The district court did suppress some seized materials relating to SCT that did not reflect knowledge of the currency reporting requirements. Moreover, we think that this warrant was sufficiently particularized on its face. See In re Search Warrant, 572 F.2d 321, 323 (D.C.Cir.1977) (per curiam) (reversing a suppression order that was premised on the invalidity of a catch-all item in a lengthy warrant allowing seizure of "[a]ny and all fruits, instrumentalities, and evidence (at this time unknown) of the crimes of conspiracy ... which facts recited in the accompanying affidavit make out"), cert. denied, 435 U.S. 925, 98 S.Ct. 1491, 55 L.Ed.2d 519 (1978). The itemization of documents subject to seizure in this warrant does not appear to be blatantly open-ended. In addition, the district court commented that the affidavit was quite detailed, and the court had before it evidence that the executing agents were fully briefed and read an attachment to the warrant specifying the items subject to seizure. As to the method of execution, both D.C. Circuit decisions relied on by Smith ultimately held that the searches in question (FBI raids on the Church of Scientology's D.C. headquarters) were valid. See United States v. Heldt, 668 F.2d 1238, 1259 (D.C.Cir.1981) (per curiam), cert. denied, 456 U.S. 926, 102 S.Ct. 1971, 72 L.Ed.2d 440 (1982); In re Search Warrant, 667 F.2d 117 (D.C.Cir.1981) (per curiam), cert. denied, 456 U.S. 926, 102 S.Ct. 1971, 72 L.Ed.2d 441 (1982). In light of the district court's findings here, the execution of the warrant did not appear to rise to the level of "flagrant disregard."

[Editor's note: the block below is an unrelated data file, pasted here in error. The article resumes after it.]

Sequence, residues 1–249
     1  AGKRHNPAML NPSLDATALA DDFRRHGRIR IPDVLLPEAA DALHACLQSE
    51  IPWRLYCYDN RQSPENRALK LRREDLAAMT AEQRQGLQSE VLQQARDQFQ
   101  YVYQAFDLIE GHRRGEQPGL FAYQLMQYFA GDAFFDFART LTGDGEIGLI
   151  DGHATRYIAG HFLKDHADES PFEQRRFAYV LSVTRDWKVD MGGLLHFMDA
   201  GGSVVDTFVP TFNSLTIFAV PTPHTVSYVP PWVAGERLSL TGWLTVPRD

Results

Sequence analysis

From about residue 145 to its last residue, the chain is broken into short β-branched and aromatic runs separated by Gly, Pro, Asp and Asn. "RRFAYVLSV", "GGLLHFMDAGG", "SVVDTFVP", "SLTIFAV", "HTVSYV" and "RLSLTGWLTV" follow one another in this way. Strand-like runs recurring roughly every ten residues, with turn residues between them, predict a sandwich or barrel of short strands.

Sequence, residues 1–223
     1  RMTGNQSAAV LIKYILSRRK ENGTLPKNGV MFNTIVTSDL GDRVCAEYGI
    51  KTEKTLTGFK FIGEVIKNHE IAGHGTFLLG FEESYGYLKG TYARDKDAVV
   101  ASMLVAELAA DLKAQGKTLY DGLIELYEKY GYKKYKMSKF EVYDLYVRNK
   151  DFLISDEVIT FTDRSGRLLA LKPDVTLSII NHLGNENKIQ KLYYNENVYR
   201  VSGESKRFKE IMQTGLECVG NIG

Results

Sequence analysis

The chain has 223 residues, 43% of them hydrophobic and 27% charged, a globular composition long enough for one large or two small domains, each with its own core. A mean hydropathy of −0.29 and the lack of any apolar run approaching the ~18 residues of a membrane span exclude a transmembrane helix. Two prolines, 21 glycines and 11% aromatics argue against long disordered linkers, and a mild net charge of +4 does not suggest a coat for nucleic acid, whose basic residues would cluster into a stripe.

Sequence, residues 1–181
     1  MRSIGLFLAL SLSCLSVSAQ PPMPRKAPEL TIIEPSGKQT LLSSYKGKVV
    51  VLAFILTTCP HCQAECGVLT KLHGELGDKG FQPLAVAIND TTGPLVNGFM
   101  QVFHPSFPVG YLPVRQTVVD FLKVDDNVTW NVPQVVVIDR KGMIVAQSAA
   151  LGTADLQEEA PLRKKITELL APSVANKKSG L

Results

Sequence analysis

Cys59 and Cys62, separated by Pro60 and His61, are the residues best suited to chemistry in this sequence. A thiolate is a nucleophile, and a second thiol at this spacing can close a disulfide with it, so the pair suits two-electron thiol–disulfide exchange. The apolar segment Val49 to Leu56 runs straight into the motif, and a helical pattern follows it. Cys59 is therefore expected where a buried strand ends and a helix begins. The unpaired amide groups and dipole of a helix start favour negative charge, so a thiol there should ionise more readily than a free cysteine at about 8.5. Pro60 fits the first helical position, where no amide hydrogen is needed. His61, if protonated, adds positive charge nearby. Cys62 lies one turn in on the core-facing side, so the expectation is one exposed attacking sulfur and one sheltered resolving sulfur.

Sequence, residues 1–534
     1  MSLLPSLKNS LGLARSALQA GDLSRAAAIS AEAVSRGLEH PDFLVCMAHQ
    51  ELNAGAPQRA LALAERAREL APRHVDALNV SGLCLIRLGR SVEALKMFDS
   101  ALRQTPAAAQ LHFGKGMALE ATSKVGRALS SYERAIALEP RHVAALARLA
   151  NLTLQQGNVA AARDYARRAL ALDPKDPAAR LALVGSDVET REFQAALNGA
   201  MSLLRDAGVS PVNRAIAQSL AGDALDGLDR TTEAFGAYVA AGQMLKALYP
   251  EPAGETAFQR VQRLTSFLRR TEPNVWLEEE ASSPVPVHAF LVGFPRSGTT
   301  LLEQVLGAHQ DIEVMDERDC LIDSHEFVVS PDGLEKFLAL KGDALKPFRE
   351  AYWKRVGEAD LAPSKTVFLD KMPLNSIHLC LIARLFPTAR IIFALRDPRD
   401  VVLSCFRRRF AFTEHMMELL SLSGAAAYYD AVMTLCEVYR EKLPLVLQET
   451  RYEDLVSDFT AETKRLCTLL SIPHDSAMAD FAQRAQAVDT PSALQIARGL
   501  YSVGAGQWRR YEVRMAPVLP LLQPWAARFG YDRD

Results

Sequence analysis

4. IRS Sting Operation.


The district court expressed some concern about government misconduct in the IRS sting and left the question open by dismissing the motion without prejudice before trial. See Mem. Op. at 5-6. Nicely contends that Agent Wallace's conduct in first dangling out enormous sums of money to a poor businessman, and then later making veiled threats of physical harm when the transfer was delayed, was so outrageous that due process requires that he not be subject to prosecution. Even if we give appellant the benefit of all doubt, the cases line up squarely against him.


Both of this court's recent decisions on outrageous government conduct grew out of Abscam, and both rejected similar due process challenges. See United States v. Jenrette, 744 F.2d 817 (D.C.Cir.1984), cert. denied, 471 U.S. 1099, 105 S.Ct. 2321, 85 L.Ed.2d 840 (1985); United States v. Kelly, 707 F.2d 1460 (D.C.Cir.) (per curiam), cert. denied, 464 U.S. 908, 104 S.Ct. 264, 78 L.Ed.2d 247 (1983). The court observed in Kelly that only a "rare instance" of police overinvolvement ("physical or psychological coercion that 'shocks the conscience' ") would violate due process. See 707 F.2d at 1476 & n. 13 (citation omitted). This simply is not one of those rare instances. Cf. Jenrette, 744 F.2d at 823-24 (rejecting due process claims that defendant was targeted without reasonable suspicion, that the government repeatedly attempted to induce criminal behavior, and that a $100,000 bribe constituted compelling inducement).